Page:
The net result is uncertainty at Westminster and uncertainty in the Brexit talks. The Confederation of British Industry chief, Carolyn Fairburn, said she was stunned.


The Lib Dems are in slow recovery. Tim Farron failed to sell the second referendum effectively and lacked the gravitas required. Vince The Cable is back in the Commons and should become leader.

One certainty in an uncertain world is that Scotland will remain in the UK. I’m a big admirer of Nicola Sturgeon but she misread the Scots appetite for a second referendum


I recall the famous Bristol lady’s reaction to May’s calling of this snap election as I wonder what her reaction would be to another General Election in the autumn.

There is already talk of another poll to achieve a government with an overall majority. I think that would be very unpopular with people who in various parts of the UK have been voting continuously since 2014.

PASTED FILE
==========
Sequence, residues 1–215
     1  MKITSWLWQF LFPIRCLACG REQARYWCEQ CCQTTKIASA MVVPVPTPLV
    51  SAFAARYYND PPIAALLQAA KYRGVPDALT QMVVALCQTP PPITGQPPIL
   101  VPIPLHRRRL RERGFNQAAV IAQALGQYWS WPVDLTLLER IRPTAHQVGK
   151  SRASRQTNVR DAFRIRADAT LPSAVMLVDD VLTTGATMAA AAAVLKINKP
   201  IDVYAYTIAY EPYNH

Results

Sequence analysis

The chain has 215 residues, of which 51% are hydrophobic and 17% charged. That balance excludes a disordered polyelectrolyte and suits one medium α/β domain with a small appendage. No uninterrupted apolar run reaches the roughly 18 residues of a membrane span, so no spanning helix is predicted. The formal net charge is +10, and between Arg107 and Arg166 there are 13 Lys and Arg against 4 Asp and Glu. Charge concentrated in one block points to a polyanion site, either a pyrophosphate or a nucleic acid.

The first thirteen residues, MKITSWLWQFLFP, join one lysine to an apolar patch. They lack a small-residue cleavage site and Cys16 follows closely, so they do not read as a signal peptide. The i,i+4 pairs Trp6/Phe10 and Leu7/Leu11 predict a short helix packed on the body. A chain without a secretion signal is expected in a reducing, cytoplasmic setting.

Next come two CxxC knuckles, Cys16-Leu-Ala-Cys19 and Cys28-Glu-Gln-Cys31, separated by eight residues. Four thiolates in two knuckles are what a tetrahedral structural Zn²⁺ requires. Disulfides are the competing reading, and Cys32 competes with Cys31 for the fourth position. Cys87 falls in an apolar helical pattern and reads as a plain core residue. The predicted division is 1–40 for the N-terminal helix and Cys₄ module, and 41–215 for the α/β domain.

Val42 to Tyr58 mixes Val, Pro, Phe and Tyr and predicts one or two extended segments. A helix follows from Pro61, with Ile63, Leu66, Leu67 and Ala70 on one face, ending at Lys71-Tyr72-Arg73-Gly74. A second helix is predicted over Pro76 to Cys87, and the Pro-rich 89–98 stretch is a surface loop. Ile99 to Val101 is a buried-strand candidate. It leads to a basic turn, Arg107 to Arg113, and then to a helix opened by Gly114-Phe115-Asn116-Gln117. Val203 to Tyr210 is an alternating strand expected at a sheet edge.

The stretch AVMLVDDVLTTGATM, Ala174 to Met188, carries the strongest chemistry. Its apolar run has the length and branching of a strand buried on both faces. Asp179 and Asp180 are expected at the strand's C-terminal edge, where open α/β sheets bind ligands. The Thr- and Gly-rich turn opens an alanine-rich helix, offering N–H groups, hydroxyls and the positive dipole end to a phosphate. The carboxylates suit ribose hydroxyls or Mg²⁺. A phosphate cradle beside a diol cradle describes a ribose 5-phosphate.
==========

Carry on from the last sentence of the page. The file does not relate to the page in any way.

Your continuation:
Also let us remember 1974. The voters delivered a hung parliament in February and changed their mind very little in October when they gave Labour a majority of three. We have to try and make this awkward result work.

Follow me @JimHancockUK




We really are in worrying times. I suppose I shouldn’t rise to the bait of the Daily Mail who have characterised this opportunistic General Election as an opportunity to “crush the saboteurs”. (That’s all of us who believe that Britain should remain in the EU and those who at least want the Single Market). After all the Mail has form. They recently dubbed judges “enemies of the people” for insisting Parliament have a say on Article 50. But in their dark past they published a headline “Hurrah for the Blackshirts”. That was a reference to Oswald Mosley’s Blackshirts.

But if we can regard the Mail as being the mouthpiece of an ugly middle England which we rather didn’t exist, the really worrying development is the attitude of the Prime Minister to dissent. She is going to the country because the opposition parties in the Commons and Lords are doing their job in scrutinising the Brexit process. She says while the country is “increasingly united, Westminster remains divided.” The country is not united, 48% of us voted to remain and Westminster should be divided, it’s a place where parliamentary debate should be taking place for heaven’s sake.